New China system hopes to break iron ore monopoly

 China has launched a rival online iron ore trading platform it hopes will allow it to weaken the monopoly of Rio Tinto and BHP Billiton.

 The move is the latest in a series of negotiations by China to soften high commodity prices.

 The China Beijing International Mining Exchange and China Iron & Steel Association launched the platform yesterday, which will rival the GlobalOre system currently backed by the miners.

 While BHP told Fairfax Media the new platform was transparent and proper, the company also voiced support for the rival GlobalOre model.

 According to Fairfax Media twenty six major Chinese steel mills and traders have already adopted China’s new system, but few international suppliers are yet to join them.

 While producers, buyers, and traders will be allowed to participate in the Beijing-China model, banks and financial institutions will be banned.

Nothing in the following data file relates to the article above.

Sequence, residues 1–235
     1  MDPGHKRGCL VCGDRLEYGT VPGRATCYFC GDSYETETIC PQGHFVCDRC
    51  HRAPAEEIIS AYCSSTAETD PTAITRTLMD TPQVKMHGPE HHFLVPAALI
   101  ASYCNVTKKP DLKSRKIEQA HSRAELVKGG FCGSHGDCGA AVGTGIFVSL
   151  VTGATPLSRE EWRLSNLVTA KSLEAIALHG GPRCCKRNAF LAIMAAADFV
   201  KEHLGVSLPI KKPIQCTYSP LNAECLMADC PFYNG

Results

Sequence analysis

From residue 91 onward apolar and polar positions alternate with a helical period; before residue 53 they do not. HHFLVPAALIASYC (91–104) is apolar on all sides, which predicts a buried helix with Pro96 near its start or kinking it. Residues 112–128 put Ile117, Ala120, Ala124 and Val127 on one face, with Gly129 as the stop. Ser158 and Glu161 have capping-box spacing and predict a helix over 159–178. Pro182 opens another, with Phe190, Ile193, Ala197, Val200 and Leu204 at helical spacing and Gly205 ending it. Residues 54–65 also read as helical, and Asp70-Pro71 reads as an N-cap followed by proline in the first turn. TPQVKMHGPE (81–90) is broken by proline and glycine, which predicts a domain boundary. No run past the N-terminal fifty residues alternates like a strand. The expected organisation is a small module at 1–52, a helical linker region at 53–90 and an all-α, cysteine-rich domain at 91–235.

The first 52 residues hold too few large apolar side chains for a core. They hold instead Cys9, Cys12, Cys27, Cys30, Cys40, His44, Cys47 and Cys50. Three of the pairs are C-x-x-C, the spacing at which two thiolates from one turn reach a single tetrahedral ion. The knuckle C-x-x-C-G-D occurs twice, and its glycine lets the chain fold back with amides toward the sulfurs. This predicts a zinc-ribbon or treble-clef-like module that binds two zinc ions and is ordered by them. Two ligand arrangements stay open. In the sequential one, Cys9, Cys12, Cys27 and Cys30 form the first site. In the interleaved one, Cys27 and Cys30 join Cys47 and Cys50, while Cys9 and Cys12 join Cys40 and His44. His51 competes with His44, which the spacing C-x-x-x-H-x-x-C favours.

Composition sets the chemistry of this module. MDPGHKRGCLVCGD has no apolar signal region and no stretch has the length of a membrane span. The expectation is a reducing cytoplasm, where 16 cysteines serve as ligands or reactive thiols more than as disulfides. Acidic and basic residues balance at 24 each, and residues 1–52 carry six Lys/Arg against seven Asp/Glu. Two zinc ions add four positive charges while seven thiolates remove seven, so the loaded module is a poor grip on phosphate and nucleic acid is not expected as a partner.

Unlike other systems the China backed model will not allow trade in iron ore derivatives such as swaps and futures, a move designed to lower speculation.

 China Iron and Steel Association deputy chairman Wang Xiaoqi said the ban would help “better reflect the price based on actual supply and demand”.

 Between them BHP Billiton, Rio Tinto, and Vale control three quarters of global iron ore supply, and as the largest customer China has long been pushing to have a bigger say on prices.

 Last year the three producers ditched the “benchmark” system where annual prices were agreed upon through negotiations with buyers and sellers.

 They switched instead to a system that adjusted prices every three months, which many Chinese buyers suspect is prone to manipulation by financial institutions not interested in buying physical ore.


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